The recent decision of the Court of Appeal in Clyde & Co v Bates van Winkelhof confirms that a 'true partner' in a traditional partnership cannot be either a worker or an employee for employment rights purposes. Nor can a member of a Limited Liability Partnership (LLP) be a worker or employee if he or she would have been a 'true partner' if the partnership had been of the traditional, unlimited, kind. Whether a partner is a 'true partner' is in turn dependent on whether it can be said that the alleged partners are 'carrying on a business in common with a view of profit.'
Subject to any successful appeal (Ms Bates Van Winkelhof is applying for leave to appeal to the Supreme Court), this means that 'true partners' and many LLP members are not entitled to many valuable employment-related rights, such as the right not to be unfairly dismissed; whistleblowing protection; rights under the Working Time Regulations (including a right to paid annual leave); and protection against unlawful deductions from wages to name but a few.
What, then, of discrimination rights ? By virtue of Section 44 of the Equality Act, LLP members are given the same protection as employees: an LLP should not, therefore, discriminate against its members or prospective members; harass its members or victimise its members. Similar protection exists for partners in traditional partnerships.
At first blush it might seem odd that partners are protected from discrimination, but not, for example, protected from the restrictions on working time found in the Working Time Regulations 1998, which are health and safety measures. However, closer examination makes the distinction more obvious. In Clyde & Co, the Court of Appeal suggested that it is a condition of worker status that the alleged worker is in a subordinate position to the other party to the contract, despite this requirement not being explicitly set out in the definition of worker. This idea of the need for subordination underpinned its ruling in that case -members of an LLP were not workers. In a true partnership, partners are expected to have autonomy regarding how they work, are not in a subordinate position, and presumably don't therefore need the protection afforded to employees and workers in relation to working time.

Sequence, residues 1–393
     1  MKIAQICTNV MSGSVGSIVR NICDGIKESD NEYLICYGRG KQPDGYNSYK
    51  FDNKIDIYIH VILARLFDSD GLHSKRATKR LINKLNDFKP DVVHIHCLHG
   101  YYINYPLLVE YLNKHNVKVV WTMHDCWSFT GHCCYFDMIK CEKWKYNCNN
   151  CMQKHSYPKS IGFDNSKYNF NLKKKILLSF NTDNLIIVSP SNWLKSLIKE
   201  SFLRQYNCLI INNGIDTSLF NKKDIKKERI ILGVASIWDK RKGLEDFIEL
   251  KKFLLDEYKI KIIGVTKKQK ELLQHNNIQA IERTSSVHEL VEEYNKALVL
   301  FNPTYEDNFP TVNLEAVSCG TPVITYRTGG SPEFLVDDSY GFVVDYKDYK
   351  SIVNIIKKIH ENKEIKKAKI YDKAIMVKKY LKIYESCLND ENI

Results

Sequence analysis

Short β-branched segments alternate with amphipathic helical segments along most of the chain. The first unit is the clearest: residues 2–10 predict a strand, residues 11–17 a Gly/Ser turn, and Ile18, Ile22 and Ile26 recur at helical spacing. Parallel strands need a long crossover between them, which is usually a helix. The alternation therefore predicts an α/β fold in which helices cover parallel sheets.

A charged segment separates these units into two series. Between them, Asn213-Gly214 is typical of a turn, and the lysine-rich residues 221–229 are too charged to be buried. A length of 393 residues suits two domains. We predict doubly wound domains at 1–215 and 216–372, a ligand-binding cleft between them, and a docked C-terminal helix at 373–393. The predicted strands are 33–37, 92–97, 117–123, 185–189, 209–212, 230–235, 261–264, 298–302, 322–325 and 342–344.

It seems that whoever drafted UK discrimination legislation may have felt that EU law required it to cover a wider range of individuals, including some who are not in a subordinate position to those they work with. This might seem to follow from the wording of the Equal Treatment Directive, the Race Discrimination Directive and the Equality Directive, which all refer to equal treatment 'in matters of employment and occupation'. The word 'occupation' is wide enough to include someone's regular work or profession, which suggests the Directives are intended to apply to members in LLPs.
In the 2011 case of Jivraj v Hashwani, however, the Supreme Court ruled that even EU discrimination law only protects those who are in a relationship of subordination. One of the parties in that case has asked the EU Commission to say the Supreme Court got this wrong. But assuming the court is right, that would suggest UK law goes further than strictly necessary in protecting partners against discrimination (except in the case of sex discrimination where there is a Directive specifically protecting the self-employed).
The Jivraj decision does not alter the specific protection that partners and LLP members have under UK law, but it does affect the scope of protection afforded to other workers. Essentially the Supreme Court ruled that (unless the individual falls into some other category for which specific provision is made in the legislation, such as barristers and office holders) discrimination protection in employment does not apply to an independent provider of services who is not in a relationship of subordination with the person who receives the services. Rather, the individual seeking protection must be providing services for and under the direction of another person in return for which he or she receives remuneration.